The Other Health Care Fires
The public option vote was expected, and we'll see a lot more wrangling and floor amendments and other votes before that's done. Supporters picked up Tom Carper and Bill Nelson, so progress was made, actually. I'd like to look at some of the other aspects of the bills moving through Congress, which also have important implications, and what the progress looks like on those fronts:
• Byron Dorgan, Kent Conrad's colleague from North Dakota, will fight to stop the White House/Big Pharma deal from getting implemented. He's going to offer amendments to the final bill to allow reimportation of prescription drugs from Canada, at a savings of $50 billion dollars over 10 years. Surely the free-traders won't have a problem with that, and if they do, they can put a pool together and find the $50 billion that we're otherwise wasting by restricting such a common-sense measure.
• Jay Rockefeller is looking to extend the bill protections to "self-insured" health plans. I just found out about this a couple weeks ago. Apparently, 70 million people in America work for large corporations which self-insure. They have health insurance companies to administer the billing, but the corporation is taking on all the risk themselves. And, they reap the profits, too. These corporations have essentially turned their employee health care into a small profit center. And none of the regulations in the bill would impact these 70 million, simply based on who their employer is. Those employees should have the same protections, regardless of how "well" the self-insured market is working currently.
• In terms of pernicious amendments, anti-abortion activists want to block the exchanges from providing reproductive choice as part of their health care coverage. That would include private companies, and would represent the government telling private insurers what they cannot cover. That's fine to free marketeers because it would restrict legal medical services like reproductive choice. It's complicated, but the anti-abortion types want to use the Hyde Amendment to say that anyone getting subsidies to use the exchange couldn't buy a plan which covers abortion. Thing is, Jon Cohn writes that taxpayers already subsidize plans that offer reproductive choice:
Remember, the single largest tax subsidy in health care today is the tax break for employer-sponsored insurance. If you have insurance through your job, then you're getting government assistance just as surely as if Washington wrote you a check. And if your policy happens to cover abortion services--which about half of you do, according to the Kaiser Family Foundation's annual benefits survey--then the taxpayers are helping to subsidize it.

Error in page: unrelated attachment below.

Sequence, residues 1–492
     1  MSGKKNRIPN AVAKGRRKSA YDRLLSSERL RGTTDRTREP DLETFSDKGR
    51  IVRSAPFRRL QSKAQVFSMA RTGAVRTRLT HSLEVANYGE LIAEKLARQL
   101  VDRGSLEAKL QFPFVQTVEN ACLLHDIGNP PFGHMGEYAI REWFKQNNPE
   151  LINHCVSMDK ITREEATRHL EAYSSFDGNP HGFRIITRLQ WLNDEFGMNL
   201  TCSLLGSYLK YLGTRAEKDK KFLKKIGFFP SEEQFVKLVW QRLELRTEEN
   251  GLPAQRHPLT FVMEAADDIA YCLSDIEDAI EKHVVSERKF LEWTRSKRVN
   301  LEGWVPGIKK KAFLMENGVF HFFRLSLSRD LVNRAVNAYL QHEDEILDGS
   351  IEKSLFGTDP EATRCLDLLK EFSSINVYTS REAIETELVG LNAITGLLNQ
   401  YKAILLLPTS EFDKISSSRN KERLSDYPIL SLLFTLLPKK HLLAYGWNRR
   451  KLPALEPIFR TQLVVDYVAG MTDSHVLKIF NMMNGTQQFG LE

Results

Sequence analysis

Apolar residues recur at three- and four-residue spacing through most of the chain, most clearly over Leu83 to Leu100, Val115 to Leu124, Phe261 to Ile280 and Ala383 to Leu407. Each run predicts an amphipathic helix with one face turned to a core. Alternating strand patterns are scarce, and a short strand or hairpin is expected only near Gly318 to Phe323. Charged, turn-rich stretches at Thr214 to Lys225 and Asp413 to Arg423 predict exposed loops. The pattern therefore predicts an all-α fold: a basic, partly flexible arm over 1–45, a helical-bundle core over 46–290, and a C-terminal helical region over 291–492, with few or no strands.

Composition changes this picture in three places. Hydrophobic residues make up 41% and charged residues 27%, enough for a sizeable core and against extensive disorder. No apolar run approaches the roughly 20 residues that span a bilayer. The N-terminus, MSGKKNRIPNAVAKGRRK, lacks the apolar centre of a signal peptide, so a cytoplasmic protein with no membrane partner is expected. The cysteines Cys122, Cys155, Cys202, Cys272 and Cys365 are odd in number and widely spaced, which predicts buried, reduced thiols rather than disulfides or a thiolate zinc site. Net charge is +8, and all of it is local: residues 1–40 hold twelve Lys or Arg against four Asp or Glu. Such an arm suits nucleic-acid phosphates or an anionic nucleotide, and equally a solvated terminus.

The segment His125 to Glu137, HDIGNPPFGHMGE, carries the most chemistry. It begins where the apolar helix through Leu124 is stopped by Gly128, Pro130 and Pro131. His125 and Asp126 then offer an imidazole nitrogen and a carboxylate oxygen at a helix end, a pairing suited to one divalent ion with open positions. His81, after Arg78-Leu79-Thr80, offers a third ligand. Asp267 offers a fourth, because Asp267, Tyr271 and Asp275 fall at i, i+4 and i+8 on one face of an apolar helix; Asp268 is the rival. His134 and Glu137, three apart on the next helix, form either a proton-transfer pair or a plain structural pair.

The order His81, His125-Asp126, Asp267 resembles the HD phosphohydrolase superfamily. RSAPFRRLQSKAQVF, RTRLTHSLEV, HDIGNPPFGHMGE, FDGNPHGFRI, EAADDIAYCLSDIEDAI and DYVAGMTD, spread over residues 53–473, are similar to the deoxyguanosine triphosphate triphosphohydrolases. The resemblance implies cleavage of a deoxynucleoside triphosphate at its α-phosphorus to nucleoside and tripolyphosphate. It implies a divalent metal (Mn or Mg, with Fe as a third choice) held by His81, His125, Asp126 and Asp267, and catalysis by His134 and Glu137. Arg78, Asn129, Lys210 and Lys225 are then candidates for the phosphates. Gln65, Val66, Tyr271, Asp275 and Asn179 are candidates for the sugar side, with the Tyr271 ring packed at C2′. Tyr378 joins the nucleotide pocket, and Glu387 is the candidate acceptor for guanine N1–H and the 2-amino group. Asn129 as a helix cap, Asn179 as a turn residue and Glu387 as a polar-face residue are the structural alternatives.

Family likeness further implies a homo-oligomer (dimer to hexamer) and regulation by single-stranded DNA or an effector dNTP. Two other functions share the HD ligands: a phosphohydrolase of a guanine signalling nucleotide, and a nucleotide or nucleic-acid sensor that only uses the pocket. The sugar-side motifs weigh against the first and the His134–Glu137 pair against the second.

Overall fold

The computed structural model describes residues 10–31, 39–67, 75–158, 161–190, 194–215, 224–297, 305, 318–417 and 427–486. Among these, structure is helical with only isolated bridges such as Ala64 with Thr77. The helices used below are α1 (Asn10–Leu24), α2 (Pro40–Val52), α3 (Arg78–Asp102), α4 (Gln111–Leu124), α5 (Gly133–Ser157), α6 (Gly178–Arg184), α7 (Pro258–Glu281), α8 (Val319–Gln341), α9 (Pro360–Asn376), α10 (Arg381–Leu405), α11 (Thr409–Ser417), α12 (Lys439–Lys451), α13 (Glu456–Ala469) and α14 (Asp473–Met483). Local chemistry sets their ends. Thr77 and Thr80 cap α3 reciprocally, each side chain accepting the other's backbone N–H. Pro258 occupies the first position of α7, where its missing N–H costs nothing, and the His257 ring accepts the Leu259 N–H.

I'm not trying to accuse abortion rights opponents of hypocrisy or inconsistency. I'm sure they'd eliminate everybody's subsidy if they could. By trying to keep funding out of the exchanges, they're trying to hold the line--to keep more abortions from happening. I don't agree with their position, but there's nothing illogical about it.
But I suspect a lot of voters think the distinction makes sense for a different reason. They have mixed feelings about abortion, so they like the idea of supporting choice in principle while opposing taxpayer funding. The trouble is, it's not a meaningful distinction because of the employer tax subsidy, which (much to my regret, for unrelated policy reasons) is here to stay.
This is a larger attempt to overturn Roe v. Wade without going to court, basically.
• House Democrats will probably add the tax on high-dollar insurance plans into their funding mechanism for health care. Unions hate it, because they've given up wage increases for high-quality health care. But the employer deduction, as Cohn says above, is very pernicious and inefficient, and taxing insurance plans is a way to get at it. I would think that companies would welcome cash payouts over maintaining such high-price health care benefits. Hijacking health care reform to save parochial interests, when we should be moving away from employer-based health care entirely, doesn't make sense.